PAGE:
MR Imaging of Adrenal Lesions

Aoife Kilcoyne, MB BCh BAO, FFR, RCSI; Shaunagh McDermott, MB BCh BAO, FFR, RCSI; Michael A. Blake, MB BCh BAO, MRCPI, FRCR, FFR, RCSI


Appl Radiol. 2017;46(4) 

In This Article

MR Imaging Techniques

At our institution all abdominal MR imaging studies are performed with a dedicated torso phased array coil (to optimize the signal to noise ratio), high-field imaging, and a power injector when contrast is required. Breath-holding or respiratory navigation sequences are used to minimize artifacts secondary to respiratory motion.

A breath-hold or respiratory-navigated, heavily T2-weighted sequence is performed in the coronal and axial planes to help provide an anatomic roadmap. A breath-held, dual-echo T1-weighted, two-dimensional (2D) gradient-echo (GRE) sequence is acquired in-phase (IP) and out-of-phase (OOP) to detect intracellular lipid. Both echoes are acquired within the same breath-hold, allowing reliable coregistration of the corresponding IP and OOP images. This sequence is used to differentiate lipid rich adrenal adenomas from non-lipid containing adrenal lesions. A baseline, unenhanced fat-suppressed, T1-weighted sequence is used to differentiate between hemorrhage and fat, to provide a baseline comparison to postcontrast images to allow determination of presence or absence of contrast enhancement.

Chemical Shift Imaging

Chemical shift imaging (CSI) is the mainstay of MR evaluation of solid adrenal lesions. Chemical shift MRI relies on detecting intracellular lipid in an adenoma for accurate adenoma identification.[11] Chemical shift MRI exploits the different resonant frequencies of fat and water protons in a given voxel, rather than usingattenuation differences as with CT for lesion characterization. Fat protons precess at a lower frequency than water protons. When fat and water molecules occupy the same voxel, differences in precessional frequency quench MR signal in that voxel during opposed-phase gradient-echo MR imaging.[12–16] This decrease in signal intensity is appreciated when OOP images are compared with the corresponding IP images. Korobkin et al[17] demonstrated an inverse linear relationship between the percentage of lipid-rich cells and the relative change in MR signal intensity on chemical shift images. This relationship holds as long as the number of lipid protons in a voxel does not exceed the number of water protons; however, if the lipid protons were to outnumber the water protons, the result would be a smaller drop in signal as it is the cancellation of signals from pairs of lipid and water protons that produces the drop in signal.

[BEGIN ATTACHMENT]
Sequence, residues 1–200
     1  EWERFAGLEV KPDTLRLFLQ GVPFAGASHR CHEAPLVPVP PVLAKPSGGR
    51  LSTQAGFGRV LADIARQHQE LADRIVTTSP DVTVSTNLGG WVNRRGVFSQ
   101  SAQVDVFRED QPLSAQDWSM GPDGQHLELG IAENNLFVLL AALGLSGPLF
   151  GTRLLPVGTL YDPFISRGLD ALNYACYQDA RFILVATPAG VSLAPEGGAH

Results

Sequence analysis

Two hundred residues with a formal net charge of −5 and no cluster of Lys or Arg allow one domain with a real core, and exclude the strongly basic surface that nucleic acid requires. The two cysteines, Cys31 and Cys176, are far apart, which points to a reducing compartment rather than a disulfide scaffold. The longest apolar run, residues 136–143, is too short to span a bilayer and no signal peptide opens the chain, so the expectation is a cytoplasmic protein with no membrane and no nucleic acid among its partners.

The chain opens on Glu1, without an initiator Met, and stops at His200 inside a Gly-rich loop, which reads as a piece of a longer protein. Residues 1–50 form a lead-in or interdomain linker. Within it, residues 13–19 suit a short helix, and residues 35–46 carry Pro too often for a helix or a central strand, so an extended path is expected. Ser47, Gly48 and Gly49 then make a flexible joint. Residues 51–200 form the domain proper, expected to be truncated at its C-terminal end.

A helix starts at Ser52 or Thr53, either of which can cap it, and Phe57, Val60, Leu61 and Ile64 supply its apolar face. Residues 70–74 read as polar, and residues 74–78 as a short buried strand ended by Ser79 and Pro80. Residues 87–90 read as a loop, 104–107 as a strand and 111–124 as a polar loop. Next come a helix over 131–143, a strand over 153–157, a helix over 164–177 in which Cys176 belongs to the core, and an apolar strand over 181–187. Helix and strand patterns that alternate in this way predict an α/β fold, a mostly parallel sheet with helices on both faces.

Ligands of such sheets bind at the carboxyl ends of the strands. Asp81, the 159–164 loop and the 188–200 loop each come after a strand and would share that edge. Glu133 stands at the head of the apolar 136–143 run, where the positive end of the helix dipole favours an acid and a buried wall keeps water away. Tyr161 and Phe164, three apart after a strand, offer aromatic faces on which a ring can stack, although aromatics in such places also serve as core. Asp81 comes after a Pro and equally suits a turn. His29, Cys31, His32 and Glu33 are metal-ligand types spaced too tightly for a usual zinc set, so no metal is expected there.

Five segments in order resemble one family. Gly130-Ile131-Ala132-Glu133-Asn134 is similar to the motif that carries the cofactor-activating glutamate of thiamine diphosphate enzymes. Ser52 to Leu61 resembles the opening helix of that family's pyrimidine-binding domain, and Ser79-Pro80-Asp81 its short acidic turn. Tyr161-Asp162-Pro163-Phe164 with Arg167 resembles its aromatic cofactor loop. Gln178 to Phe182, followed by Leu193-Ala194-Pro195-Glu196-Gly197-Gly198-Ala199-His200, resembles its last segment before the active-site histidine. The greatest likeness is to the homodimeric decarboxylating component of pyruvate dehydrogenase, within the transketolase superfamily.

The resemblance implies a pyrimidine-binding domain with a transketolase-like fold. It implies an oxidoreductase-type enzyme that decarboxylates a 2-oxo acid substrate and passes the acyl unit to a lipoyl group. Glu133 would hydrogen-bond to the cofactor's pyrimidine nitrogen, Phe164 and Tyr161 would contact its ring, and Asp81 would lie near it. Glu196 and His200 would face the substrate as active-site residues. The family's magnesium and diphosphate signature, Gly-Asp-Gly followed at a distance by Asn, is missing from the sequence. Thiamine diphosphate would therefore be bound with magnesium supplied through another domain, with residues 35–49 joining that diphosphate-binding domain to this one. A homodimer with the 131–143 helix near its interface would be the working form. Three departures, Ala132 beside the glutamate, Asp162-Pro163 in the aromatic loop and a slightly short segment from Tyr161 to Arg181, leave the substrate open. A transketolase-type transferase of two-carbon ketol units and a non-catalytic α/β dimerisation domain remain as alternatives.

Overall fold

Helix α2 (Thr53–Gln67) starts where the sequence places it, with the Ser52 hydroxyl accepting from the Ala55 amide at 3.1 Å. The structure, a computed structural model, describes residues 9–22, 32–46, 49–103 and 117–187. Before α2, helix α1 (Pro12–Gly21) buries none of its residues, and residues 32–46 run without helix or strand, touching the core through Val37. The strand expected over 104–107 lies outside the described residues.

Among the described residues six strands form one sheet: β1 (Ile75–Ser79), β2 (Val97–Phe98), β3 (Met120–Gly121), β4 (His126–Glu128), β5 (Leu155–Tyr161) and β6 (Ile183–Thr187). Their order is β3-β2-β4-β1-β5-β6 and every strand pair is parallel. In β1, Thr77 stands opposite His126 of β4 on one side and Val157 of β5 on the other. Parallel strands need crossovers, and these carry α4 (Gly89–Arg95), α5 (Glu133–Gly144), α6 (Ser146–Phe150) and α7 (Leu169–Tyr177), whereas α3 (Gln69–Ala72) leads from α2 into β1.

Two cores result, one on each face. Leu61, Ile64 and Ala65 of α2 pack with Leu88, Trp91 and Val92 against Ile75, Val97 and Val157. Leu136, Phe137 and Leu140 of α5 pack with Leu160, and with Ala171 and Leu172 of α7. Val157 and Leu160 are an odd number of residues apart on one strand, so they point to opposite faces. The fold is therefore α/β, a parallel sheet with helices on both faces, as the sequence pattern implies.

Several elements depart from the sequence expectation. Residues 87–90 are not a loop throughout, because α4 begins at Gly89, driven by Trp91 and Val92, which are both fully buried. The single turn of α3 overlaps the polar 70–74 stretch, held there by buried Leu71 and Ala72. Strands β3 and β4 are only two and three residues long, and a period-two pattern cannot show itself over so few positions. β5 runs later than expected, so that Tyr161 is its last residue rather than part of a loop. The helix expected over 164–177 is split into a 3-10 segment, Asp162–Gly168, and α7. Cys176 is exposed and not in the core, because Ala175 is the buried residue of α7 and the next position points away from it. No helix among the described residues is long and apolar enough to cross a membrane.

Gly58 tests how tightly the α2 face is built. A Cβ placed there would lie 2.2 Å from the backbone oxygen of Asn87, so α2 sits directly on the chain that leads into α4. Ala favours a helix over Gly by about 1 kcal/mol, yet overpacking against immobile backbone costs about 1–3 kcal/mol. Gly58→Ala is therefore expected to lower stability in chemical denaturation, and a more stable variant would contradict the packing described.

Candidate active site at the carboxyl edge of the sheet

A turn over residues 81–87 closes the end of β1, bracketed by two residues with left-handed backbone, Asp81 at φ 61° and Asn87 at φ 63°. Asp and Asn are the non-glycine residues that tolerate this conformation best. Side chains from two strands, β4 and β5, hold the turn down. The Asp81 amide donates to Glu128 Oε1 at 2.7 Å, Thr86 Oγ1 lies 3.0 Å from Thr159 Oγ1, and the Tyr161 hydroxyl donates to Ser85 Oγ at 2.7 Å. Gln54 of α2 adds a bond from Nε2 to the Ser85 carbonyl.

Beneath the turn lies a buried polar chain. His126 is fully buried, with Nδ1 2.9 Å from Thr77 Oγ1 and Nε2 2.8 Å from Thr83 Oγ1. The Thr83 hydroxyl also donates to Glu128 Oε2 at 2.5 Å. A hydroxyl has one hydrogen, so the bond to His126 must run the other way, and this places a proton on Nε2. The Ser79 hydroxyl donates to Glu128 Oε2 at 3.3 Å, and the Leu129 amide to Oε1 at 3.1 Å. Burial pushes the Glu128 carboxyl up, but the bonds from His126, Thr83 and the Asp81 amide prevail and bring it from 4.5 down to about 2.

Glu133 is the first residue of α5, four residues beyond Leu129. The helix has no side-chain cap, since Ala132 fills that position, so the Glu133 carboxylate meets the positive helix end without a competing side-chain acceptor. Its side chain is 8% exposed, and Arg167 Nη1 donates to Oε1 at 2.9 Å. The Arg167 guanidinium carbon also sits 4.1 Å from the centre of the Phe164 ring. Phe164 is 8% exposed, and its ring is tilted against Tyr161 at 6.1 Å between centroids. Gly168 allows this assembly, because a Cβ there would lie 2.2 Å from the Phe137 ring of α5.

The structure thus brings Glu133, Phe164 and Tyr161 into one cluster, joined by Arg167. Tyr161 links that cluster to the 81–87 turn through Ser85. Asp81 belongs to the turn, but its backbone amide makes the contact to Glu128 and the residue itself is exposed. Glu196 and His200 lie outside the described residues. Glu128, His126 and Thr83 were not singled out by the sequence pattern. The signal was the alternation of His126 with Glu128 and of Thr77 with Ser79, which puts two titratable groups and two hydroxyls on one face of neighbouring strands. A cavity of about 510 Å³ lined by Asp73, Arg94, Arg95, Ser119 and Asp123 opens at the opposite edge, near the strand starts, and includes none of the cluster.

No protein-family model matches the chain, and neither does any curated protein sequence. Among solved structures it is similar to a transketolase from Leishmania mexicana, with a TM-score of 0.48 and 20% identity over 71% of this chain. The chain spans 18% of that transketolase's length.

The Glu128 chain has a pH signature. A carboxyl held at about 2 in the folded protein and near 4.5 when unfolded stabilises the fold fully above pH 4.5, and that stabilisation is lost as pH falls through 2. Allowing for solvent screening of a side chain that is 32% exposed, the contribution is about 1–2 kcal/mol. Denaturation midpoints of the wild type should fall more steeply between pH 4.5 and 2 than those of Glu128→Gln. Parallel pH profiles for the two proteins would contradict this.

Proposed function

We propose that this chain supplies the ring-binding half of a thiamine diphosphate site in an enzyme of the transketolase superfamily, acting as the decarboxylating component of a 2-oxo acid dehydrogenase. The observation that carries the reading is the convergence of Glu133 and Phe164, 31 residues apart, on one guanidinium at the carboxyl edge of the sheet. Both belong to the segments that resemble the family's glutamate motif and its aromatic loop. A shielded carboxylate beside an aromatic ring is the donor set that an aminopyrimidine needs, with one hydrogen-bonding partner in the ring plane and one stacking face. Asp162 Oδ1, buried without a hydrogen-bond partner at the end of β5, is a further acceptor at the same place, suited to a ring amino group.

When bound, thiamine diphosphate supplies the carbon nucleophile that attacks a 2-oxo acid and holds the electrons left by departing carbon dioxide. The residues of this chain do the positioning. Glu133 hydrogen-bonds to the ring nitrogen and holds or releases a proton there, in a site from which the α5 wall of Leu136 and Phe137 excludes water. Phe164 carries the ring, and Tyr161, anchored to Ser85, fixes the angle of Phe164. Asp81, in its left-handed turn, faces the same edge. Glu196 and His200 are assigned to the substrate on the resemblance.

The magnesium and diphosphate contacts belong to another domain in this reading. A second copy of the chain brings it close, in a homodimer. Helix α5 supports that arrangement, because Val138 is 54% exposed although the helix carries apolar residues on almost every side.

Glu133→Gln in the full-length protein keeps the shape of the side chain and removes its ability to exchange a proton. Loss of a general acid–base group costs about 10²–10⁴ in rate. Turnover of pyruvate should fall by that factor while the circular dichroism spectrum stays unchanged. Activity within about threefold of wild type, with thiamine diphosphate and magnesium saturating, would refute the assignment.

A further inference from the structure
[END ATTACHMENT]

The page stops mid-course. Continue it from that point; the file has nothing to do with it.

The CSI signal loss can be measured quantitatively, as the adrenal-to-spleen chemical-shift ratio, by dividing the lesion-to-spleen signal intensity ratios on the IP images by the OOP images.[18] A CSI ratio of less than 0.71 at 1.5T field strength indicates a lipid-rich adenoma.[15] The alternative adrenal signal intensity index is calculated as [(IP signal intensity – OOP signal intensity)/(IP signal intensity)] x 100%; using this formula, a measurement of greater than 16.5% at 1.5T is consistent with a lipid-rich adenoma.[19] In clinical practice, however, most radiologists evaluate chemical shift change visually or qualitatively using muscle or spleen as the internal reference organ. This has been demonstrated to be as effective as quantitative methods.[20,21] The liver should not be used as the internal reference organ, as it can also demonstrate drop-off of OOP signal with fatty infiltration of the liver.[20,22] The sensitivity and specificity of CSI for the differentiation of adrenal incidentalomas are reported at 81% to 100% and 94% to 100%, respectively.[14,21,23] It should be remembered that adrenocortical carcinoma, pheochromocytoma, as well as clear cell renal cancer and fat-containing HCC metastases may occasionally demonstrate signal loss on OOP images.[11]

Dynamic Contrast Enhancement

Little has been published regarding the utility of gadolinium-enhanced MRI in characterizing adrenal masses. One study evaluating the MRI enhancement features of adrenal masses found that neither absolute enhancement nor gadolinium washout kinetics were useful in differentiating adenomas from non-adenomas.[16] Another, more recent study[24] concluded that although the diagnostic value of dynamic MRI is lower than chemical shift MRI, contrast enhancement and time-to-peak and wash-in rates derived from SI-time curve of dynamic MRI may be contributory to the results of chemical shift MRI in atypical cases.